Species that hibernate generally live longer than would be expected based solely on their body size. Hibernation is characterized by long periods of metabolic suppression (torpor) interspersed by short periods of increased metabolism (arousal). The torpor–arousal cycles occur multiple times during hibernation, and it has been suggested that processes controlling the transition between torpor and arousal states cause ageing suppression. Metabolic rate is also a known correlate of longevity; we thus proposed the ‘hibernation–ageing hypothesis’ whereby ageing is suspended during hibernation. We tested this hypothesis in a well-studied population of yellow-bellied marmots (Marmota flaviventer), which spend 7–8 months per year hibernating. We used two approaches to estimate epigenetic age: the epigenetic clock and the epigenetic pacemaker. Variation in epigenetic age of 149 samples collected throughout the life of 73 females was modelled using generalized additive mixed models (GAMM), where season (cyclic cubic spline) and chronological age (cubic spline) were fixed effects. As expected, the GAMM using epigenetic ages calculated from the epigenetic pacemaker was better able to detect nonlinear patterns in epigenetic ageing over time. We observed a logarithmic curve of epigenetic age with time, where the epigenetic age increased at a higher rate until females reached sexual maturity (two years old). With respect to circannual patterns, the epigenetic age increased during the active season and essentially stalled during the hibernation period. Taken together, our results are consistent with the hibernation–ageing hypothesis and may explain the enhanced longevity in hibernators.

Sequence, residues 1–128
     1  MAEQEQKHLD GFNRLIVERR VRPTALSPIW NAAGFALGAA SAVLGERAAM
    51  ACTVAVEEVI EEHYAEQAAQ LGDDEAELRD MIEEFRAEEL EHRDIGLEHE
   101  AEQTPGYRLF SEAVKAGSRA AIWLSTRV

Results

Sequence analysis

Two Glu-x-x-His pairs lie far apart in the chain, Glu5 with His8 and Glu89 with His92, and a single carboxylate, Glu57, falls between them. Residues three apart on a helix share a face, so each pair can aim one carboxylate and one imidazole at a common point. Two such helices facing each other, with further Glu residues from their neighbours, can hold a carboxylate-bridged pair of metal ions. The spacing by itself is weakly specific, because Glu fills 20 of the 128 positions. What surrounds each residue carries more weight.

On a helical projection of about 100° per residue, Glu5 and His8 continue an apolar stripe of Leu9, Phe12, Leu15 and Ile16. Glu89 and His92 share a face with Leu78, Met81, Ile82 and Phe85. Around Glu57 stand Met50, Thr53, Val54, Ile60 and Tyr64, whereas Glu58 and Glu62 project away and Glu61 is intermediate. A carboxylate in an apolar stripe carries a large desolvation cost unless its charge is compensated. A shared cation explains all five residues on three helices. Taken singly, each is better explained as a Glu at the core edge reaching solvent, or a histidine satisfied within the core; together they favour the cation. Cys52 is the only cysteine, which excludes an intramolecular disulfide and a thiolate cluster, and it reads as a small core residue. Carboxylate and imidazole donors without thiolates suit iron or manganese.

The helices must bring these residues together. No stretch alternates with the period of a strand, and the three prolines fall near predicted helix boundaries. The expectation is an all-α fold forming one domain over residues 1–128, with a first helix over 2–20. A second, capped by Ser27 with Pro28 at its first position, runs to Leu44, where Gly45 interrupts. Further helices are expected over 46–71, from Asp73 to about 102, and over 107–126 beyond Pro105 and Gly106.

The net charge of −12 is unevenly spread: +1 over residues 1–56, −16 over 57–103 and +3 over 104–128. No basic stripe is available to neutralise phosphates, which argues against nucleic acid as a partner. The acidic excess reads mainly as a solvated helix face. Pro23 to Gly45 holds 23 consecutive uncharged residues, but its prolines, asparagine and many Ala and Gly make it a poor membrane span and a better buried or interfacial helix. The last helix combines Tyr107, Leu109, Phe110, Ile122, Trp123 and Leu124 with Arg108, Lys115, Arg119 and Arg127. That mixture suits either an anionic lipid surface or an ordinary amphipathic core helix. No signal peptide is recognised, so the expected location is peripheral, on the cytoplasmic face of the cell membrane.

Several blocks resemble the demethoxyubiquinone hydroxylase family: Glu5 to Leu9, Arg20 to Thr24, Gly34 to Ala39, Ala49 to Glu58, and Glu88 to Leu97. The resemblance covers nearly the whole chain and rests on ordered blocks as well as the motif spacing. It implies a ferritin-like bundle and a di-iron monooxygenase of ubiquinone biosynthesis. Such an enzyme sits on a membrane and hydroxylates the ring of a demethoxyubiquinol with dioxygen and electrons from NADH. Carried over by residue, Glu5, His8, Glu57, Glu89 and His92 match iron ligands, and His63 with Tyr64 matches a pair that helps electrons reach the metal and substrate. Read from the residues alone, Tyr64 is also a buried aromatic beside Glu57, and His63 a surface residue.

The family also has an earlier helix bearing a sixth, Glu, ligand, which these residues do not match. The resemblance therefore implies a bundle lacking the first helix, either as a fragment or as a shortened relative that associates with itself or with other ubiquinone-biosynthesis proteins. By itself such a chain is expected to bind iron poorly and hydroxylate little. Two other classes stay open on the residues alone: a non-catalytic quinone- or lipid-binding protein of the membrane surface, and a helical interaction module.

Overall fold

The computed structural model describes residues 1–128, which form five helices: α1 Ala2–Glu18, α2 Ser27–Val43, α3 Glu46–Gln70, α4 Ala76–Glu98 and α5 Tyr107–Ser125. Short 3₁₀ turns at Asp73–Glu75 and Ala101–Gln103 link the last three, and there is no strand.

Bibliographical noteFunding Information:
We are grateful for all the marmoteers who diligently collected the data over the years, and for the Blumstein, Horvath and Wayne labs for supportive feedback. Thanks also for the helpful insights from the UCLA Statistical Consulting Group, especially to A. Lin and S. Jalal. This work was supported by the Paul G. Allen Frontiers Group (PI S.H.). G.M.P. was supported by the Science Without Borders programme of the National Counsel of Technological and Scientific Development of Brazil and the UCLA Canadian Studies Program. The long-term marmot project (PI D.T.B.) is supported by the National Geographic Society, UCLA (Faculty Senate and the Division of Life Sciences), a Rocky Mountain Biological Laboratory research fellowship and by the National Science Foundation (IDBR-0754247, DEB-1119660 and DEB-1557130 to D.T.B., as well as DBI-0242960, DBI-0731346 and DBI-1226713 to the Rocky Mountain Biological Laboratory). Except by providing financial support, our funding sources were not involved in any stage of development of this manuscript.
© 2022, The Author(s).
ASJC Scopus subject areas
- Ecology, Evolution, Behavior and Systematics